The fresh, woodsy scent of balsam fir fragranced the living room as I hung three new ornaments on our tall, skinny tree. Each ornament came from a royal palace – two in England and one in France. All three were souvenirs of our family’s first summer vacation in Europe – a trip somehow squeezed in between frequent jaunts to the dance studio, the orthodontist and the library.
Visiting a palace is a humbling experience.
Even before you set foot inside, the high gates, uniformed guards and long “cues” remind you that you are one of many foreign tourists, not really a guest.
Inside, massive collections of fine art and treasured possessions join with expensive décor to offer an impressive glimpse into the personal lives of the kings, queens, princes and princesses you read about in history books. Looking at Queen Victoria’s own doll house as we stood in her childhood bedroom, the very room where she was born, was a memorable moment.
In London, Kensington Palace is now home to Prince William and his growing family. And Buckingham Palace is still home to Queen Elizabeth II. But in France, despite its glittery gold gates, grandiose Baroque architecture and expansive gardens, the Palace of Versailles is no longer home to any royalty.
Long gone are King Louis XVI and Queen Marie Antoinette. Both were beheaded in 1793 when the monarchy was abolished in the French Revolution.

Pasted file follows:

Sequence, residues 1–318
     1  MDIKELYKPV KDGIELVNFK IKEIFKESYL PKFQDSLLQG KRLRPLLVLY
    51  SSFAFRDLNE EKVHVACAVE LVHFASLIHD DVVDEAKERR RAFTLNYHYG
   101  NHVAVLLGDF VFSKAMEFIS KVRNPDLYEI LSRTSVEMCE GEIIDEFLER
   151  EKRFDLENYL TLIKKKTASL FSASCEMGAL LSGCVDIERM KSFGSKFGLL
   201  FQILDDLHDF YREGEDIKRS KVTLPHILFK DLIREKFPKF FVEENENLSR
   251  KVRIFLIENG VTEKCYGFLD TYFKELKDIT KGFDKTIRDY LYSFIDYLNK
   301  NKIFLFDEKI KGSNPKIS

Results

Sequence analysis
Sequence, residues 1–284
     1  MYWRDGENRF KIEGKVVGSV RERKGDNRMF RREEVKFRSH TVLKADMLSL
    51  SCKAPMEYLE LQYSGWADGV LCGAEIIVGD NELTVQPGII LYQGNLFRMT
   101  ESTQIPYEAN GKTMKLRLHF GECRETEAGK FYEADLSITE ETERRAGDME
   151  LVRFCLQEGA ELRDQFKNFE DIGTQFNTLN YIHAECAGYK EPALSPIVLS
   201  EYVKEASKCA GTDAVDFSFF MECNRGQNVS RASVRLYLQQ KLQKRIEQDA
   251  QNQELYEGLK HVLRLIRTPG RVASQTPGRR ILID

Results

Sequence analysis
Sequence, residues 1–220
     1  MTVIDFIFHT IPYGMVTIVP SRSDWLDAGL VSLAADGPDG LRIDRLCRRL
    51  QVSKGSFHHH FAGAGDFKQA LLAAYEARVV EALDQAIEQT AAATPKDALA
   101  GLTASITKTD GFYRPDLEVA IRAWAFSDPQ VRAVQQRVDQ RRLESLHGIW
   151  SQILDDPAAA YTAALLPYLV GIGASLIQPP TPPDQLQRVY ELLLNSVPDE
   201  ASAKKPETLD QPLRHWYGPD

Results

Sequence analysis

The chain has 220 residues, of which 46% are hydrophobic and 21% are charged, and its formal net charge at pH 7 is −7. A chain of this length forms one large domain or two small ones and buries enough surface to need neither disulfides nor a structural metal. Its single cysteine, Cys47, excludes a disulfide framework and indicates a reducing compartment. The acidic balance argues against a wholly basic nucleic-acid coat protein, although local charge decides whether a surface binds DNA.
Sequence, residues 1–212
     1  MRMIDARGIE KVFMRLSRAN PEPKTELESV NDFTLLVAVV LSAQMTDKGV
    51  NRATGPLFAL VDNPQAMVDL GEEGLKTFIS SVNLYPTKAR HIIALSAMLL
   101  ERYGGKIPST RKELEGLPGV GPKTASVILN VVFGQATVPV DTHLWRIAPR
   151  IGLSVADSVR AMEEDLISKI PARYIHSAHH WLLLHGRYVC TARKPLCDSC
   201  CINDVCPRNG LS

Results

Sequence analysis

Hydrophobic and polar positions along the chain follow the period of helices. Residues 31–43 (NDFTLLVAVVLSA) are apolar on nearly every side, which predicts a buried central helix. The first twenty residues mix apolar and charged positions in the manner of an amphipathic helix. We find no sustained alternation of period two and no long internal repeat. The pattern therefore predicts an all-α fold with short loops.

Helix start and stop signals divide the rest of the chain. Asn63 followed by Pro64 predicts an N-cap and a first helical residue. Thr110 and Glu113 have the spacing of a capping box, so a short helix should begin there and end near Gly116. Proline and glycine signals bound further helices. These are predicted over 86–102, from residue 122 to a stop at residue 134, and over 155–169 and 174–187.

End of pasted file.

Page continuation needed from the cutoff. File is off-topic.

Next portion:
It’s strange indeed to gaze at the king and queen’s magnificently grand lifestyle knowing how terribly their reign ended. The kingdoms of this earth totter and fall.
While touring the homes of kings and queens was fascinating, at some point, no matter how old or fancy it is or who once owned it, stuff is just stuff. No matter how rich or powerful a ruler is, eventually he passes away and leaves it all behind.
This realization could make life seem rather meaningless. But by God’s grace, it instead reinforced for me what is meaningful and made me long for God’s eternal kingdom.
Can I tell you about the glorious splendor of God’s kingdom? First Timothy 6:15 says our God is the King of all kings and the Lord of all lords. Psalm 145 says God’s kingdom is an everlasting kingdom, and His dominion endures through all generations. And 1 Peter 2:9 says we who are God’s children are His special possession, chosen and royal.
One glad day the King of kings will welcome His children into His holy palace not as tourists or guests but as adopted sons and daughters. Members of His royal family!
As King David prayed in 1 Chronicles 29:10-13: “Yours, O Lord, is the greatness and the power and the glory and the victory and the majesty, for all that is in the heavens and in the earth is Yours. Yours is the kingdom, O Lord, and You are exalted as head above all. Both riches and honor come from You, and You rule over all. In Your hand are power and might, and in Your hand it is to make great and to give strength to all. And now we thank You, our God, and praise Your glorious name.”
I pray this gives you hope and joy this Christmas. And I pray that God draws you ever closer to Him in 2018. Merry Christmas!